Nick Bollettieri Has Passed Away: The Farewell Of A Tennis Legend

the farewell of a tennis legend


In the end he did not make it: Nick Bollettieri died on December 4, 2022, after in recent weeks there had been rumors about his deteriorating health. The famous American trainer has had several physical problems in the last two years, but at the same time, as confirmed by former tennis player Jimmy Arias, in a photo of them together, Bollettieri refused to go to the doctor, also for fear of needles. . .

During his career, Bollettieri opened a well-known tennis academy and helped launch legends of the sport such as André Agassi, Jim Courier, Monica Seles, Serena and Venus Williams, and Russian tennis player Maria Sharapova.

A man destined to make history in tennis. The Tennis World USA staff joins in the condolences that the sports world offers to the legendary Nick Bolletieri.

Nick Bollettieri’s career

The son of Italian-American immigrants, Nick graduated with a degree in philosophy in 1953 and later served in the United States Army.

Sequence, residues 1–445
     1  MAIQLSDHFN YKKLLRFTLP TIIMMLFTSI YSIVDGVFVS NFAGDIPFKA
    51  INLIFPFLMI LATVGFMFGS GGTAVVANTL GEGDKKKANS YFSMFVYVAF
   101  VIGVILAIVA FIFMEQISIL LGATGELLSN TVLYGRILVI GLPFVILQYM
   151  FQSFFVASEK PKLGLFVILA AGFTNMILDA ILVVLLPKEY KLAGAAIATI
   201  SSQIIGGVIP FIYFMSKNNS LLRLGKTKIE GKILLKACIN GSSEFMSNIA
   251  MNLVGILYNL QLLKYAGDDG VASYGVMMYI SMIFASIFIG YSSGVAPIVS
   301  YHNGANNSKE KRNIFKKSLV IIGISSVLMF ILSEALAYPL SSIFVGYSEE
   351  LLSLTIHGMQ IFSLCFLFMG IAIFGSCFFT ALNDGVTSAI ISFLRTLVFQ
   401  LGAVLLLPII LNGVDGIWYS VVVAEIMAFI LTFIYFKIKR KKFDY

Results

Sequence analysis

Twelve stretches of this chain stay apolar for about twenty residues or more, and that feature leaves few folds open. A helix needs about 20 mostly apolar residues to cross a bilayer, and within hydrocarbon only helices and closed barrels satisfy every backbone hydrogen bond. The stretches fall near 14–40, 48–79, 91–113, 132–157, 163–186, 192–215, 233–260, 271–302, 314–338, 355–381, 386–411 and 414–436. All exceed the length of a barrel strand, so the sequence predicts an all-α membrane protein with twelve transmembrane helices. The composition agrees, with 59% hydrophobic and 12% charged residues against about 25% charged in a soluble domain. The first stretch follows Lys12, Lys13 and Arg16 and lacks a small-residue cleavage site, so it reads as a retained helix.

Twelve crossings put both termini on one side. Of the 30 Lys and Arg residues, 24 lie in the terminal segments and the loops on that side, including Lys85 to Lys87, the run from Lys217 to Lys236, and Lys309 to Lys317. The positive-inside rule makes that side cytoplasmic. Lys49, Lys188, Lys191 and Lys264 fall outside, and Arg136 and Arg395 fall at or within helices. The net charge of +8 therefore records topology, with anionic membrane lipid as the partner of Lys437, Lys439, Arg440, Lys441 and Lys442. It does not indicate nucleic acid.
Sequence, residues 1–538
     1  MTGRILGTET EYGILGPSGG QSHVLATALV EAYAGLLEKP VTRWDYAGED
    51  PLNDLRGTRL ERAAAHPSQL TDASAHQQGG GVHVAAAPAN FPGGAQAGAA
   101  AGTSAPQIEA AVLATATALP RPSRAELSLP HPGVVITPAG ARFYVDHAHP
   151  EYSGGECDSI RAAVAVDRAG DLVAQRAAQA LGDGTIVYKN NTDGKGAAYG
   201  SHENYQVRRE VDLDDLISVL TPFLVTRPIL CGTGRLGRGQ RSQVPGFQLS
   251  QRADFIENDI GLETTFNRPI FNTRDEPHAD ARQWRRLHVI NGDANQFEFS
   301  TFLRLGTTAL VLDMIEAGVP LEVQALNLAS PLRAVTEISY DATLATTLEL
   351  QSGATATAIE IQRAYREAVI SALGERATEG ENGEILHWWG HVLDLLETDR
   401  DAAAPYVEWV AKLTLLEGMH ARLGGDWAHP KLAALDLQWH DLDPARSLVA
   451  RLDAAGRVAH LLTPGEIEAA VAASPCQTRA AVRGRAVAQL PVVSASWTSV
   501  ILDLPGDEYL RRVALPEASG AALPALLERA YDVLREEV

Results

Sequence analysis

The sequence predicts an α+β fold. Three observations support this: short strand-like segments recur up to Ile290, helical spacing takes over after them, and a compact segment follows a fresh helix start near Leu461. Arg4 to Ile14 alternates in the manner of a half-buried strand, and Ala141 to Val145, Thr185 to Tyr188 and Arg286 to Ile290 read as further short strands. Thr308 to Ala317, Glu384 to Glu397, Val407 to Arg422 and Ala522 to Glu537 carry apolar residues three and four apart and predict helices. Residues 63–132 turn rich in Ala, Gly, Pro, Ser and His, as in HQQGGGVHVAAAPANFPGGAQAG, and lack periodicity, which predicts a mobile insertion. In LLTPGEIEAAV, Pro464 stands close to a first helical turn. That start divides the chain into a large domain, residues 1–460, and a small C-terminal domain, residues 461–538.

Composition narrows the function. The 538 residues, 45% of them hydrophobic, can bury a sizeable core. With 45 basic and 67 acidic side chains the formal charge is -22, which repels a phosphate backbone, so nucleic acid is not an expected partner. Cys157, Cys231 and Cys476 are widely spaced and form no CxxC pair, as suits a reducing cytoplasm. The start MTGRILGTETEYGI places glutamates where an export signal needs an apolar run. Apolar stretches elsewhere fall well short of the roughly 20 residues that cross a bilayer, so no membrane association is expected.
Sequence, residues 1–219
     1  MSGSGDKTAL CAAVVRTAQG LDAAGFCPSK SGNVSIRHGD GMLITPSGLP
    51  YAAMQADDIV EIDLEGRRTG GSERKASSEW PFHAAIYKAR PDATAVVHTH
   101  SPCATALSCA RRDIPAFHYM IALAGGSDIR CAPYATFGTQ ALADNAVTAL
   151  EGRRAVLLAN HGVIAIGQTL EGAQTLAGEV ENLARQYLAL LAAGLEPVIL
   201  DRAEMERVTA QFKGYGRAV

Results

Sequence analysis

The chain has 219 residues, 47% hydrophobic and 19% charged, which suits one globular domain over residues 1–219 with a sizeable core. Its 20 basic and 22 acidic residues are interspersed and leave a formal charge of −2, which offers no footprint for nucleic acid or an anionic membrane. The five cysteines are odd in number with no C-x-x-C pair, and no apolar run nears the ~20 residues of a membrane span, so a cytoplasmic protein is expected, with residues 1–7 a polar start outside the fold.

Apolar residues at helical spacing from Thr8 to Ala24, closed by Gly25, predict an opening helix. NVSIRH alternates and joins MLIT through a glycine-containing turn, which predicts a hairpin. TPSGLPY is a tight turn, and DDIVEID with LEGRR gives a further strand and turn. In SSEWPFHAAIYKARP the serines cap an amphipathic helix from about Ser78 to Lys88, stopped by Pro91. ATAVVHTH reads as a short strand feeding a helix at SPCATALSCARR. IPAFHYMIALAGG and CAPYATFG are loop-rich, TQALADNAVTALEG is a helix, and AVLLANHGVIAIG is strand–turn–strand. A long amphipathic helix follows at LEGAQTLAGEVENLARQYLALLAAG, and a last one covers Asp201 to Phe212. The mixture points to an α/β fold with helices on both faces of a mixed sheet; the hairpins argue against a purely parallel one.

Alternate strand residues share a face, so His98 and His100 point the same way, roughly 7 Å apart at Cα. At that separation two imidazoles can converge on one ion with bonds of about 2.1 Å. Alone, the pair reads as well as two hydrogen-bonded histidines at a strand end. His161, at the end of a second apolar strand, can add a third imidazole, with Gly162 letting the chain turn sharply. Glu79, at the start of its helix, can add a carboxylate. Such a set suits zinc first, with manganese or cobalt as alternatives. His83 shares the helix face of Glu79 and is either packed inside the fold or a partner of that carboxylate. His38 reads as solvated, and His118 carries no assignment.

He studied law at the University of Miami but dropped out in 1956 to start teaching tennis at the prestigious Wayland Academy. His early students included Sheryl Smith and Brian Gottfried. Bollettieri became director of tennis operations at the Dorado Beach Hotel in Puerto Rico in the early 1970s, owned by the Rockefeller family.

During these years, Nick’s main assistant is Julio Moros, who will follow Nick to Florida when he decides to found his own academy. In 1977, Bollettieri left Puerto Rico and settled in Longboat Key, Florida, teaching tennis at the Colony Beach and Tennis Resort.

After working for various structures, in 1978 he opened his own tennis academy in Bradenton, Florida, in an area of ​​40 acres. In 1987 the International Management Group took over the academy, however they left it to Nick to run it.

The first tennis player trained by Bollettieri to reach the top of the ATP ranking is the American champion Jim Courier; Bollettieri in 1993 became the coach of Boris Becker, who had already reached the top of the ATP ranking on January 28, 1991.

The first to reach the top of the WTA ranking is the very young Monica Seles a few weeks after Becker, on March 11, 1991. On May 18, 2008, she received an honorary doctorate from the New York College of Health Professions for her commitment to the world of sport, fitness and well-being in general. She is also a contributor to Tennis Magazine and wrote her autobiography titled My Aces, My Faults.

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